Where is heat used in Lime Manufacturing?
In our last post, we discovered that cement manufacturing utilizes limestone. Therefore, we decided to focus on lime manufacturing this week! Originating with its earliest use as building mortar, lime has many end uses today: steel manufacturing, asphalt, plaster, sugar refining, waste water treatment, and many others!
The National Lime Association has provided detailed lime production diagrams on their website.
As you can see from the illustration above, lime processing happens in three stages.
First Stage of Production- The limestone is mined from the quarry. The limestone undergoes crushing, which breaks it into smaller particles. The feed is screened, and the broken stones are washed.
Second Stage- The clean stones are then sent through a lime kiln. It is at the kiln where the limestone is subjected to heat and “calcined” into quicklime. A process air heater, typically direct fired, is placed at the lower end of the horizontally inclined kiln. The feed enters the higher end of the kiln and travels against the flow of the heat. According to the National Lime Association, the limestone goes through 3 stages in the kiln:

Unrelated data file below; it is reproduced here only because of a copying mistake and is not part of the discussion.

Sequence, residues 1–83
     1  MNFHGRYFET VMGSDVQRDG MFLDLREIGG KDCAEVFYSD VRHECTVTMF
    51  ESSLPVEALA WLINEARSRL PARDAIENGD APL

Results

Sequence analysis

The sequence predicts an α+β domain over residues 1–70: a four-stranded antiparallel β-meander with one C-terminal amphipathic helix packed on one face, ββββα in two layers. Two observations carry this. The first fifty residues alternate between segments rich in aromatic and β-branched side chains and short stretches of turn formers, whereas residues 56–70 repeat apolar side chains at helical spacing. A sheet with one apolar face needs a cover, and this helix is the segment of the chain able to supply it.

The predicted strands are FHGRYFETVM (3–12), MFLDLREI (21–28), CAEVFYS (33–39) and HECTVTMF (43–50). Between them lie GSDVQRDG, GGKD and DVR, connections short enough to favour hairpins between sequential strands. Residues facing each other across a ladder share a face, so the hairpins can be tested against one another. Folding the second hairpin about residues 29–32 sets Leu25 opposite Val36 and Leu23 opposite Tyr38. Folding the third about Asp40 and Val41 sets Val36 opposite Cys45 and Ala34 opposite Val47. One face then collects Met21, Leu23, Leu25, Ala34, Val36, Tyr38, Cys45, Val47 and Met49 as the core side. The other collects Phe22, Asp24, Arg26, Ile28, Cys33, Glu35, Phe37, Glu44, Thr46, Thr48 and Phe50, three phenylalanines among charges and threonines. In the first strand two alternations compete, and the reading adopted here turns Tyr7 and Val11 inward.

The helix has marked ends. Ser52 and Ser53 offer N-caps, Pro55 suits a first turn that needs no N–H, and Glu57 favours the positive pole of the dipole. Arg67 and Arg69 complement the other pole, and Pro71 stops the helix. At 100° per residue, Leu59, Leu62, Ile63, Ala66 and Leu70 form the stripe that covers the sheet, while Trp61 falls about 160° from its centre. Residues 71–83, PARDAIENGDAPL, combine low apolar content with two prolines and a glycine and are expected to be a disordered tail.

“Preheating – limestone is heated by direct contact with kiln exhaust gases that enter the preheater kiln.
Calcining – the kiln fuel is burned in the preheated air from the cooling zone and, as the limestone moves down the kiln the heat turns the limestone into quicklime and carbon dioxide (CO2).
Cooling – quicklime leaving the calcining zone is cooled by direct contact with ‘cooling air.’”
Third Stage: Depending upon the end use, the quicklime is then either sold as “pebble lime” or further processed into “hydrated lime” by adding water, or into “milled lime” by crushing and milling the quicklime.
For any questions, feel free to reach out!